July 25, AtoZForex – As it appears, Donald Trump’s US elections potential win could cause a wave of disruptions for the financial markets.
President Trump vs. Financial Markets
Donald Trump has appeared as the second biggest threat to the political world after the Brexit vote. Additionally, in the case of the Republican Party nominee for President of the US winning the US elections, damage could impact the low bond yields on European banks, according to some of the analysts.
As it is reported by Chief Investment Officer, Fixed Income at AXA Investment Managers, Chris Iggo, bond investors should prepare for the market turmoil that could result from Donald Trump winning the US elections. He also commented:
“Brexit-shocked investors are now considering the reality that Donald Trump’s election as president of the US could be the next source of political and economic uncertainty in this extraordinary year.”
Mr. Iggo also added:
“Mr. Trump’s mooted policy on redeeming Treasury debt under par could also have a radical impact if it were followed through . . . The very foundation of the global financial system is in part based on the confidence that Treasury debt is backed by the full faith of the US government — it is a stalwart haven asset class. If there was even a small chance that was no longer the case, the consequences for global markets and investor confidence could be catastrophic.”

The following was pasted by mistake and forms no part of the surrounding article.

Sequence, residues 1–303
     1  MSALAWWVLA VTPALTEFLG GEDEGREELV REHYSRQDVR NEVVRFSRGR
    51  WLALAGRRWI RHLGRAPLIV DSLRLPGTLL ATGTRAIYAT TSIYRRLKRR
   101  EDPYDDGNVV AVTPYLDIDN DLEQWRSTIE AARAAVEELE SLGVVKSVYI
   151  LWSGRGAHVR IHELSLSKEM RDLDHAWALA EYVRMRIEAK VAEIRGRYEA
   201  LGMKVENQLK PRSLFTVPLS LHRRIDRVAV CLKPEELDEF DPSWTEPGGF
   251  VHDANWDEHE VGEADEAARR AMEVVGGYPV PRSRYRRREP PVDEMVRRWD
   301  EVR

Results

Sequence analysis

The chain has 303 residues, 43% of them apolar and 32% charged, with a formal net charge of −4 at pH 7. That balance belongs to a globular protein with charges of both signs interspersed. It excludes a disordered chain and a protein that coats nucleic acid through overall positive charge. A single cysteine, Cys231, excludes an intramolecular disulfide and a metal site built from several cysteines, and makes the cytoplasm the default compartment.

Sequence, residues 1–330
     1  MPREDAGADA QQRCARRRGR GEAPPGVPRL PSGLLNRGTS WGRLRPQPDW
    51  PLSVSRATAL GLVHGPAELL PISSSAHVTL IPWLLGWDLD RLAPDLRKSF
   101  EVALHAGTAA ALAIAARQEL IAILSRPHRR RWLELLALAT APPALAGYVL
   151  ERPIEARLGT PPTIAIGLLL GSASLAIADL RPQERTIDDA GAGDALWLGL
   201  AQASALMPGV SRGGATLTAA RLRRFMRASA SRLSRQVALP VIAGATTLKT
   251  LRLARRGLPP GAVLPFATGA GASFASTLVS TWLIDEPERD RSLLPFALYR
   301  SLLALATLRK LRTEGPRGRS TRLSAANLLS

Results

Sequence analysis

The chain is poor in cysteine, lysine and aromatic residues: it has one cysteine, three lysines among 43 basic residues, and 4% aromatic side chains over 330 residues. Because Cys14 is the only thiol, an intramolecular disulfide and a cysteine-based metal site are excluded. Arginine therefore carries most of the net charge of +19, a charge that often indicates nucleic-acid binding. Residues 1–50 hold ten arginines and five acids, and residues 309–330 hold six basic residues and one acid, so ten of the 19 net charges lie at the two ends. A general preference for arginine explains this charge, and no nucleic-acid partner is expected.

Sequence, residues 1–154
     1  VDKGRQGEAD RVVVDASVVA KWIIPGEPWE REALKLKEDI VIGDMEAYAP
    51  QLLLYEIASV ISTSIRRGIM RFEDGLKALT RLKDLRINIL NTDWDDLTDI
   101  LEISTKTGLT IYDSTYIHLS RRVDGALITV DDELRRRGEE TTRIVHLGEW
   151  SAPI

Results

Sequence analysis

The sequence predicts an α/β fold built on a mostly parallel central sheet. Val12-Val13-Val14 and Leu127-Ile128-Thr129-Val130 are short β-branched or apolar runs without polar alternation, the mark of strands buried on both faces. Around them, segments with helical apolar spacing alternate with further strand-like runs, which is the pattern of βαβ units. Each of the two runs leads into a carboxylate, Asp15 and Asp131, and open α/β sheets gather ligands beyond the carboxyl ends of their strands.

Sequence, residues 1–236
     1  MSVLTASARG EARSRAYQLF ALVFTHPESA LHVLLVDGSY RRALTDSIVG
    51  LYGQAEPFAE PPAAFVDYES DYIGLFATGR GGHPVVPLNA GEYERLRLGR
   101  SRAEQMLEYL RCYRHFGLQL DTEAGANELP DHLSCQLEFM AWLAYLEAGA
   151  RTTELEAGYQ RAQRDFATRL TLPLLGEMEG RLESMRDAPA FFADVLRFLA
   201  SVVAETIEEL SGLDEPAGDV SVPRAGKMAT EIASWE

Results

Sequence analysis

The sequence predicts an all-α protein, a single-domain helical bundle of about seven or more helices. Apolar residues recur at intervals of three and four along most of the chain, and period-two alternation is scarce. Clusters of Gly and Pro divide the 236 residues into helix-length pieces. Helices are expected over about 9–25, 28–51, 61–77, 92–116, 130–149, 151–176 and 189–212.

EU banks can be in trouble
Another view of Managing Director at PIMCO, Philippe Bodereau, tells us about the troubles of European banks. Mr. Bodereau says that the recession faced by the EU banks are based on the earnings, not solvency. He additionally commented on the issue of President Trump vs. Financial Markets:
“Banks must adjust their business models to the realities of lower-for-longer rates, which means cost-cutting and consolidation. Bank shareholders must also accept that high single-digit returns-on-equity are acceptable in a zero rate world, particularly at institutions that have significantly reduced leverage.”
One more perspective comes from the Markets Editor at Financial Times, Michael Mackenzie. He says:
“A decisive flick of the fiscal switch to loosen austerity would herald a stampede from the best-performing sectors of global markets. The ensuing surge in market volatility would prompt investors to sell their holdings based on risk management models — known as a value-at-risk (Var) shock — in order to avoid losses.”
Mr. Mackenzie believes that the end of austerity could result in the big turmoil for financial markets. He also highlighted how negative interest rates have created yield-seeking trading, which, in turn, leads to an abrupt decrease in “value at risk”.
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